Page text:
Child welfare agency’s history with slain boy’s family predated his birth

Child welfare agency’s history with slain boy’s family predated his birth
Crystal Lake Police Dept.

The Illinois Department of Children and Family Services’ (DCFS) involvement with the family of Andrew “AJ” Freund predated his birth five years ago.

AJ’s body was found wrapped in plastic in a shallow grave on Wednesday. Police have charged his parents with murder.

Child welfare authorities on Friday released a four-page summary of the agency’s contact with AJ’s parents, Andrew Freund Sr., 60, and JoAnn Cunningham, 36.

The DCFS summary revealed a litany of child welfare hotline calls about AJ’s troubled homelife, reports of squalid living conditions and drug abuse by his parents. When AJ was born on October 13, 2013, mother and child tested positive for opiates. The boy was removed from the home but returned eight months later after his father and mother took parenting classes and entered a drug treatment program.

In December, the boy told a doctor that the family dog caused a large bruise on his hip. But the physician let a DCFS investigator know that AJ also told him, “Maybe someone hit me with a belt. Maybe mommy didn’t mean to hurt me,” according to the agency.

In January, the case was closed for lack of evidence. Seven months earlier, another investigation into a report of “odd bruising” on AJ’s face was also closed. The agency determined the report to be unfounded.

Last week, DCFS received yet another hotline call alleging neglect and inadequate supervision at the home. The call came on the same day AJ’s parents reported him missing. Information from the couple ultimately led to the recovery of his body in Woodstock, about 10 miles from their home in Crystal Lake, police said.

DCFS said it was reviewing its handling of cases involving AJ’s family. A caseworker and supervisor have been placed on administrative duty with no casework responsibilities during the review. The agency said it will also review all cases handled by the two employees.

“As we move forward, we will be fully transparent with the public as we seek to address any possible shortcomings in this incident and understand how we can better serve the state’s vulnerable children and families,” DCFS said in the summary released Friday.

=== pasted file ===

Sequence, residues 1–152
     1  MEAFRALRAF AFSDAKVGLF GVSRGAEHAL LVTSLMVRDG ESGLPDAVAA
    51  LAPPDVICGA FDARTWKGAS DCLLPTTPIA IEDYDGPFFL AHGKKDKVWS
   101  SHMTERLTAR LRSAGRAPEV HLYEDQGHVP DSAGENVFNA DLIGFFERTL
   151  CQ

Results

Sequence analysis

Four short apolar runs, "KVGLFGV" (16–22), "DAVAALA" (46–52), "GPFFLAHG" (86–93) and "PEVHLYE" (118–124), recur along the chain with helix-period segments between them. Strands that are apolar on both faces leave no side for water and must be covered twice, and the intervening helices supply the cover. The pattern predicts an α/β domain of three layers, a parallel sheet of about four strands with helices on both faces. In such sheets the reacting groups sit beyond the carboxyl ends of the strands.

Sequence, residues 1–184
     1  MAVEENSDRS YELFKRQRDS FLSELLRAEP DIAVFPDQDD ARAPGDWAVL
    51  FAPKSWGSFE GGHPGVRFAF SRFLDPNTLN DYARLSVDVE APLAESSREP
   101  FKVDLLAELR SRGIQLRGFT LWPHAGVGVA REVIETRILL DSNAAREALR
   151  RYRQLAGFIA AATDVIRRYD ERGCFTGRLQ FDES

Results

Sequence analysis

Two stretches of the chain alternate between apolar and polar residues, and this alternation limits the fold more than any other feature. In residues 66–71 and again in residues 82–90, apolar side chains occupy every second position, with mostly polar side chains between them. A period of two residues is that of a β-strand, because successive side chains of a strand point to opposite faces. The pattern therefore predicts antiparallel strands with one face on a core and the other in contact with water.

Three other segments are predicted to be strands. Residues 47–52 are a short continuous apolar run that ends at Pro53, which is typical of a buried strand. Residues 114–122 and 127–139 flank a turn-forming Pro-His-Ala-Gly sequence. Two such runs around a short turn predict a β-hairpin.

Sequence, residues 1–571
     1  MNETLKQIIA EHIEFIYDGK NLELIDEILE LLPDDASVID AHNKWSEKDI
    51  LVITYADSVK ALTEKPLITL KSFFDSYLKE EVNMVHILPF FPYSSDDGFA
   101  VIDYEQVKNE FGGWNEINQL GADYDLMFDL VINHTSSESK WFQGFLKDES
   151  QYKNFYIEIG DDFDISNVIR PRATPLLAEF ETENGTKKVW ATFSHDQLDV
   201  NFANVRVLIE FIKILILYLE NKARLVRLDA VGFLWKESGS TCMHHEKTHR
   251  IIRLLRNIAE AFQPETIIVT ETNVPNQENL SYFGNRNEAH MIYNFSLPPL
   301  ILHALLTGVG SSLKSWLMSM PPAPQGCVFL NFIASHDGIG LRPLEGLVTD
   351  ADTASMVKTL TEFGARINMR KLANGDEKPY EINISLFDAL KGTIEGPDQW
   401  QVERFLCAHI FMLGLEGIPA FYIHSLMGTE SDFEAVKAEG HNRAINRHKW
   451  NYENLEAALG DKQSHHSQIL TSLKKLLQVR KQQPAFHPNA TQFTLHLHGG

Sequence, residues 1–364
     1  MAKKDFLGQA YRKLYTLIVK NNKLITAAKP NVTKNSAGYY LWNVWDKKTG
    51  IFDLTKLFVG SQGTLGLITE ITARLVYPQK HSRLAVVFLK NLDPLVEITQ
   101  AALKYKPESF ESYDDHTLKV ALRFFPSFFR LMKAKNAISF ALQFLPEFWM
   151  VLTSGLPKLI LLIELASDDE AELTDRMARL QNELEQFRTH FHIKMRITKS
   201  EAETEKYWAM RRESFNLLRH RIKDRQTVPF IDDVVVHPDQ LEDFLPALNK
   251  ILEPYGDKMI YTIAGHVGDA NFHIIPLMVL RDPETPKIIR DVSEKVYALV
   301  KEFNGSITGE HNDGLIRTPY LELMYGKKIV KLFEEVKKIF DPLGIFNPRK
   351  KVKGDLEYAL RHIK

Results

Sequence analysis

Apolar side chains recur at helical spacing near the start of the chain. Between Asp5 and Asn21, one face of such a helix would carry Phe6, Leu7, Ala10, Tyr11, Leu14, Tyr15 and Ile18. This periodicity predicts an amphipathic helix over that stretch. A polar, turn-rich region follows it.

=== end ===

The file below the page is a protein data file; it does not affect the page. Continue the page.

Here’s what we know about the department’s interaction with AJ’s family, based on the DCFS summary of its records, reports and documents:

June 7, 2012 — DCFS received a hotline call alleging inadequate supervision: Cunningham was accused of abusing prescription drugs and neglecting her foster child. The report was unfounded and expunged.

December 24, 2012 — Another hotline call alleged “environmental neglect and injurious environment,” referring to Cunningham’s eldest son, who is now 18 and lives with another family. She was accused of abusing prescription drugs and having mental health issues. The report was unfounded and expunged.

October 16, 2013 — A hotline report alleged “substance misuse by neglect” after Cunningham gave birth to AJ two days earlier. The boy and his mother tested positive for opiates and benzodiazepines. AJ was removed from his mother’s home during the investigation.

November 12, 2013 — DCFS took protective custody of AJ.

November 14, 2013 — A juvenile court granted DCFS temporary custody of AJ. The Youth Service Bureau of Illinois provided services to the boy and his parents.

The couple participated in parenting classes, drug treatment and methadone maintenance and individual counseling.

June 2015 — A judge ordered AJ returned to his mother.

June 2015 to March 2016 — A Youth Service Bureau worker made 17 unannounced visits to the home. The worker did not observe signs of abuse or neglect.